England’s rich literary tradition comes to life as you wind your way from Shakespeare’s Stratford-upon-Avon to the Charleston Farmhouse.
No need to be afraid of Virginia Woolf. England’s rich literary tradition comes to life as you wind your way from Shakespeare’s Stratford-upon-Avon to the Charleston Farmhouse, where the Bloomsbury Group let their imaginations run wild.
Painting a kaleidoscopic portrait of medieval society, Geoffrey Chaucer’s The Canterbury Tales is one of the foundational texts of British literature. An attraction in Kent – named The Canterbury Tales, of course – brings Chaucer’s colorful characters to vivid life, with actors in period costume re-creating their pilgrimage from London to Canterbury Cathedral. Any self-respecting bookworm has to check it out.
Shakespeare Country: Stratford-upon-Avon
After Chaucer, pay a visit to the Bard – William Shakespeare, author of some of the western world’s greatest masterpieces, from Romeo & Juliet to A Midsummer’s Night Dream. The writer’s hometown, Stratford-upon-Avon in England’s West Midlands, is a Shakespeare lover’s dream-come-true. You can see his perfectly preserved childhood home, where his imagination was first set ablaze. You can visit Shakespeare’s wife Anne Hathaway’s thatched cottage as well. And of course, you can experience the still-stirring words of the Bard at the Royal Shakespeare Company & Theatres.
Jane Austen’s Countryside
Jane Austen didn’t find fame during her lifetime – the author’s books initially didn’t even bare her name. But more than two centuries later, she’s synonymous with Brit Lit, with characters like Emma Woodhouse, Elizabeth Bennett and Mr. Darcy still captivating readers. But you can put Pride and Prejudice down and immerse yourself in the glorious country settings for Austen’s novels. Your first stop should definitely be Jane Austen’s House Museum in Chawton, where she wrote many of her best-known works. Then head to the incredible Chatsworth House in Derbyshire that served as the inspiration for Mr. Darcy’s Pemberley. Finish up your all-things-Austen road trip with a visit to the Godmersham Park Walk and Heritage Centre in Kent, the charming spot where Austen penned Sense and Sensibility.
Portsmouth: What the Dickens!
Charles Dickens was more than an author. He was one of the driving forces behind English culture. For the author of David Copperfield, Great Expectations and Oliver Twist, it all began in Portsmouth, 70 miles southwest of London. Dickens was born here in 1812 – and you can visit his childhood home, which has been refurbished to look close to the way he experienced it. There’s also some fascinating memorabilia –the couch on which he died at his house in Kent, his snuff box, and his personal inkwell and paper knife.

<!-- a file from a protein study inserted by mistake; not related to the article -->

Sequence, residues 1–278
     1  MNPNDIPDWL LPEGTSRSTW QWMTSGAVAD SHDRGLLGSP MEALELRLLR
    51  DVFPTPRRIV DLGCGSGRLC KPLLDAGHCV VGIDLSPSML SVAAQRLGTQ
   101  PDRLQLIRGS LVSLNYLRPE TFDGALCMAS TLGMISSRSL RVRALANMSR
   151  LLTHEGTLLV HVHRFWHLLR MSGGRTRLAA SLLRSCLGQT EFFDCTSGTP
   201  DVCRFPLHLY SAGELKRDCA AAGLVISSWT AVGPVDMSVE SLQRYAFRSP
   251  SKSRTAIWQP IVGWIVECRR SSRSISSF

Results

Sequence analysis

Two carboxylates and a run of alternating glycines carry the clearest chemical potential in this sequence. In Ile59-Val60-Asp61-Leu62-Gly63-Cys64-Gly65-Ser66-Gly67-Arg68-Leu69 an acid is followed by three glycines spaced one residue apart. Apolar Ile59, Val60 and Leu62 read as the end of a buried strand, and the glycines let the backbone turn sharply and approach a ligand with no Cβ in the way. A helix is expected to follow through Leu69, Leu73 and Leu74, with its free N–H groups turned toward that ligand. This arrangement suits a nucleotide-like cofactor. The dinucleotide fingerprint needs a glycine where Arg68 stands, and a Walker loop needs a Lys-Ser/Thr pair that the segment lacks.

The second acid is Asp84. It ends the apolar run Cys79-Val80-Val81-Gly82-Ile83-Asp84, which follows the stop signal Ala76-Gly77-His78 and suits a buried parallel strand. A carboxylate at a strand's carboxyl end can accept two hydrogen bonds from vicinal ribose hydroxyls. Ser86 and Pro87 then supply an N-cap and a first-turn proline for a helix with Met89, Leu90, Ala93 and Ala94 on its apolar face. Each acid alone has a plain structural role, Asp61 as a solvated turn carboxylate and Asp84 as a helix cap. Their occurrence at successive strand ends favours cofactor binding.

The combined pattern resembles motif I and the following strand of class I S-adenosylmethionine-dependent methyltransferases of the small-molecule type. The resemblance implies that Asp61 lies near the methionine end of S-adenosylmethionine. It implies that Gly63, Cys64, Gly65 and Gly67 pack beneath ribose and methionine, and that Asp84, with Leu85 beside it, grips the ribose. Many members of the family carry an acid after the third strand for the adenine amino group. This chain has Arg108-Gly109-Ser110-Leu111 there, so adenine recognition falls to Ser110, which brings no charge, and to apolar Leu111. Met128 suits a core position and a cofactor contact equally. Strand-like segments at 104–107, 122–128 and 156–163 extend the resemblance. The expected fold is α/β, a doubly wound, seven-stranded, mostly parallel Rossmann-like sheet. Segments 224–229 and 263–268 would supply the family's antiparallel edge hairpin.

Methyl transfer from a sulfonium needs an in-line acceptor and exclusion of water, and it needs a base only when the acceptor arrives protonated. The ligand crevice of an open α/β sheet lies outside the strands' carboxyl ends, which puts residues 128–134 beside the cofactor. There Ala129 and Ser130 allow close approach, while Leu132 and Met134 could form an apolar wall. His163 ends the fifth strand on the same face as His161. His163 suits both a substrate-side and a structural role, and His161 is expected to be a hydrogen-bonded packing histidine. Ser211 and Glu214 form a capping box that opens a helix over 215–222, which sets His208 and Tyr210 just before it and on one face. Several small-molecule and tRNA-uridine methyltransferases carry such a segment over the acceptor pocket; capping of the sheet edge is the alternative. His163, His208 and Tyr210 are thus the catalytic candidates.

An Elementary Journey Through Sherlock Holmes’ London
He debuted back in 1887, but Sherlock Holmes, Arthur Conan Doyle’s master sleuth, is more popular than ever in the 21st century. First stop should be – where else? – 221b Baker Street in London, where the detective lived and worked. You won’t find Holmes and Dr. Watson here, but you will find the Sherlock Holmes Museum, which features an amazingly detailed re-creation of the famed study as described by Conan Doyle. Fancy a pint? Head to Charing Cross to the Sherlock Holmes Pub, located in a spot made famous by the books, and home to an array of Holmesiana.
Blooming Bloomsbury: The Charleston Farmhouse
Located in pastoral East Sussex, the Charleston Farmhouse became famous as an early 20th century hotbed for progressive thought. It was here that the Bloomsbury Group – made up of such pioneers as Virginia Woolf, John Maynard Keynes and E.M. Forster – gathered to exchange ideas and spark literary and cultural movements that are still making waves today. A guided tour of charming/rambling house and lovely gardens give you insight into the innovation and creativity that blossomed at Bloomsbury.
The World of Harry Potter in Edinburgh
Back in the mid-1990s, J.K. Rowling was a struggling single parent, writing in her spare time. Today, she’s the force behind the Harry Potter empire. Potter maniacs can go straight to the source in Edinburgh. First, head to Spoon, a cozy café where Rowling wrote Harry Potter and the Sorceror’s Stone, the first book in the series. Then take a stroll through Greyfriar’s Kirkyard, a Franciscan graveyard in Edinburgh’s Old Town that served as the inspiration for scenes in The Goblet of Fire. Nearby, take in the positively Hogwartsian architecture of George Heriot’s School, with a turreted roof and imposing stone façade. Finally, head to Victoria Street, Rowling’s basis for the exciting Diagon Alley.
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